They should.

Here’s someone reciting one of my favorites:

“The Jumblies” by Edward Lear

and here it is in printed form.

I think I know what happened to all of my cyberfriends.

They went to sea in a sieve.

Saturday, September 17, 2011

Faster, faster...


Thanks to Jinksy, author of the poem in my sidebar, I learned today of a blog called Imaginary Garden wherein Laurie makes writing suggestions and poets follow them. Laurie’s most recent suggestion had been to write a poem of eight lines in one minute and include the word “allegro.” It sounded like a fun exercise, so I did, immediately, on Jinksy’s blog in the comments. Then, when I went over to have a look at Laurie’s blog, I discovered she meant that I should display my poem on my own blog and include a link to Imaginary Garden.

Consider it done.

I once had a dog named Poco à poco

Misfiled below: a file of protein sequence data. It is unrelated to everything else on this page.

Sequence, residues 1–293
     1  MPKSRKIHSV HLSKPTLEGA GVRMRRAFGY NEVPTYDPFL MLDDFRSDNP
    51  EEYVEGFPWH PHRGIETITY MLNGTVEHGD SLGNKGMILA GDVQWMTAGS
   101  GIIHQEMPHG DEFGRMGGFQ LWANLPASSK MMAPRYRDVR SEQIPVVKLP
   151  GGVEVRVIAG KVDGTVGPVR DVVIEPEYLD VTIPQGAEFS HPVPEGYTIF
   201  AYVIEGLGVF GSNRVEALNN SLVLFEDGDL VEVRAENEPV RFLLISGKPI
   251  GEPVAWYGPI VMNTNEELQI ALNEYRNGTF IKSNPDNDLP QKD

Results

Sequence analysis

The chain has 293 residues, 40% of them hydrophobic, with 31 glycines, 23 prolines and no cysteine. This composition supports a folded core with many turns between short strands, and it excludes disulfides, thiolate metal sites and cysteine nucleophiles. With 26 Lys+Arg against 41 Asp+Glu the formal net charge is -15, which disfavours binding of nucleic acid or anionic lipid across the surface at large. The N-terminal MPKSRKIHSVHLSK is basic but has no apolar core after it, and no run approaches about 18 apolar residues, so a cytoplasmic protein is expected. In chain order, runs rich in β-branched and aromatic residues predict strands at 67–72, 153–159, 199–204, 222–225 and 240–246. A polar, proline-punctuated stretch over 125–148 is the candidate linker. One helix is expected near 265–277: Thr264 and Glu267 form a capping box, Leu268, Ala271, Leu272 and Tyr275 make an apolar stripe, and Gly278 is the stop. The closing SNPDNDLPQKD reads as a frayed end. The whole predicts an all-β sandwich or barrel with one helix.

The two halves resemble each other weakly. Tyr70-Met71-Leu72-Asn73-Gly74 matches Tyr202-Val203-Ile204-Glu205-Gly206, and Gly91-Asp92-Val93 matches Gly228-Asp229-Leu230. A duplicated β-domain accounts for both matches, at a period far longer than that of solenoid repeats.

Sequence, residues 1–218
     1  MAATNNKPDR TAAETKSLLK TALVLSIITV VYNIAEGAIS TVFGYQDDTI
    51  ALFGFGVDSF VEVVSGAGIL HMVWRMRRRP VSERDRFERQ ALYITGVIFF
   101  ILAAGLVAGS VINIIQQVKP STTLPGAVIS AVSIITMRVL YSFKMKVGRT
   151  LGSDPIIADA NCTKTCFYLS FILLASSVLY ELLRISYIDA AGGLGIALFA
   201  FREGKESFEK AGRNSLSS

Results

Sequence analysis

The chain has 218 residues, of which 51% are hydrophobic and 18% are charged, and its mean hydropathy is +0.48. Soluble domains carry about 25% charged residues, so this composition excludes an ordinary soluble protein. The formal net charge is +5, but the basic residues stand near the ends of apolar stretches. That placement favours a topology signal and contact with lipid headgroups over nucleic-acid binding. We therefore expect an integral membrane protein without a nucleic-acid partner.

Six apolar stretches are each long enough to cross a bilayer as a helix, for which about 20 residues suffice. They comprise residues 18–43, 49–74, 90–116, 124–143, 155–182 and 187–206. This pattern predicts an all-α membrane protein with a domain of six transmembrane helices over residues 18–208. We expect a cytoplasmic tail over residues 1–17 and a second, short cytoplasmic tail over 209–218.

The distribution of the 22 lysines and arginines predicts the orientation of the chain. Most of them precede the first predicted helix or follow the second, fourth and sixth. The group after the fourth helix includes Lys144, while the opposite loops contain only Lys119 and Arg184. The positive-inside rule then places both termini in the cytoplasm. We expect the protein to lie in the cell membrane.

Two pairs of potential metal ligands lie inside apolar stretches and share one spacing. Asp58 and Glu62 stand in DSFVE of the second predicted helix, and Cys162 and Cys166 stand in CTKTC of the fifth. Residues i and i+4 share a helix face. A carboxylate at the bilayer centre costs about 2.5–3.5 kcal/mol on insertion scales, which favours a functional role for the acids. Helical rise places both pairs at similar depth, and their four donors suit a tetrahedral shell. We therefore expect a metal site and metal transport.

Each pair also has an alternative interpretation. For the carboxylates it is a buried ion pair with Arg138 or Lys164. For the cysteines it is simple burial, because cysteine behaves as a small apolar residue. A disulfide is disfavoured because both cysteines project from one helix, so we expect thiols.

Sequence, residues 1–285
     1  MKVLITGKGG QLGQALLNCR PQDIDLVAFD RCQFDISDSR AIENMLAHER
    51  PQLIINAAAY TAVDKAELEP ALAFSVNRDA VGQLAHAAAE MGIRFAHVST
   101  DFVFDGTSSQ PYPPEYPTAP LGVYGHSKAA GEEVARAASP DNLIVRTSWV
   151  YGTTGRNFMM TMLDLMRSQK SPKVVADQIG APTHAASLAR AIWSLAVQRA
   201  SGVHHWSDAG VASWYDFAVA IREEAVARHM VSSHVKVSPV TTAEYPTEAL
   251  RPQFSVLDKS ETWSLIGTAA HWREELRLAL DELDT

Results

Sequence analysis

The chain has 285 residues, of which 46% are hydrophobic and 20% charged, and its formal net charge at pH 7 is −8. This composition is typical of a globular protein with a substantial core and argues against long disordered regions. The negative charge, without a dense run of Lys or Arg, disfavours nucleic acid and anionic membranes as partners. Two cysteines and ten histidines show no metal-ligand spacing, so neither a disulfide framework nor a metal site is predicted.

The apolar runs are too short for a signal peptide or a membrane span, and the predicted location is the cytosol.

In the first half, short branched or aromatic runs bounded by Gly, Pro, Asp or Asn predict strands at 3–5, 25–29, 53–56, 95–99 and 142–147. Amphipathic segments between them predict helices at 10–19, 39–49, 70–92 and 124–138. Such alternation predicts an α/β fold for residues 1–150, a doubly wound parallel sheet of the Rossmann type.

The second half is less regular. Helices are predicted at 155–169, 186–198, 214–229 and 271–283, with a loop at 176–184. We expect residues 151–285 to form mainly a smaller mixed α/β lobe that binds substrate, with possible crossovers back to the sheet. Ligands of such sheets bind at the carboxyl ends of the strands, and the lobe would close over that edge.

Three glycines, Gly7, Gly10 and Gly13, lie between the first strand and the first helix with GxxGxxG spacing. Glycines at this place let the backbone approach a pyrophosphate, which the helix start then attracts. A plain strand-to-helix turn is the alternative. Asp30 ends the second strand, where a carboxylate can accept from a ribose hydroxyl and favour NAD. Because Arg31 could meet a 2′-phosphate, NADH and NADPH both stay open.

Because its dimensions were little by little;
The neighbors all thought its owner was loco,
Which I helped along by drooling my spittle;
Some afternoons I’d sit nude in the garden
And watch my tomatoes to see how fast they grow;
When neighbors came out they’d say, “Oh! Beg your pardon!”
And ask God to make my tomatoes allegro.


[Note. I shall now give you a rare peek at the process of editing and the art of rhymed poetry. If I had had a bit longer to construct that poem, it might have had a few different words, more consistent rhythm, and might have ended up looking like this:

I once had a doggie named Poco à poco
Because its dimensions were little by little;
The neighbors all thought that its owner was loco,
Which thought I helped foster by drooling my spittle;
Some afternoons I would sit nude in the garden
And watch my tomatoes to see how fast they grow;
When neighbors came out they’d say, “Oh! Beg your pardon!”
And ask God to change my tomatoes allegro.

Or perhaps:

And pray that my lovelies would ripen allegro.

Oh, well. Some things apparently cannot be improved by time or editing. --RWP]


Friday, September 16, 2011

Fascinating Friday

I am fascinated by many things.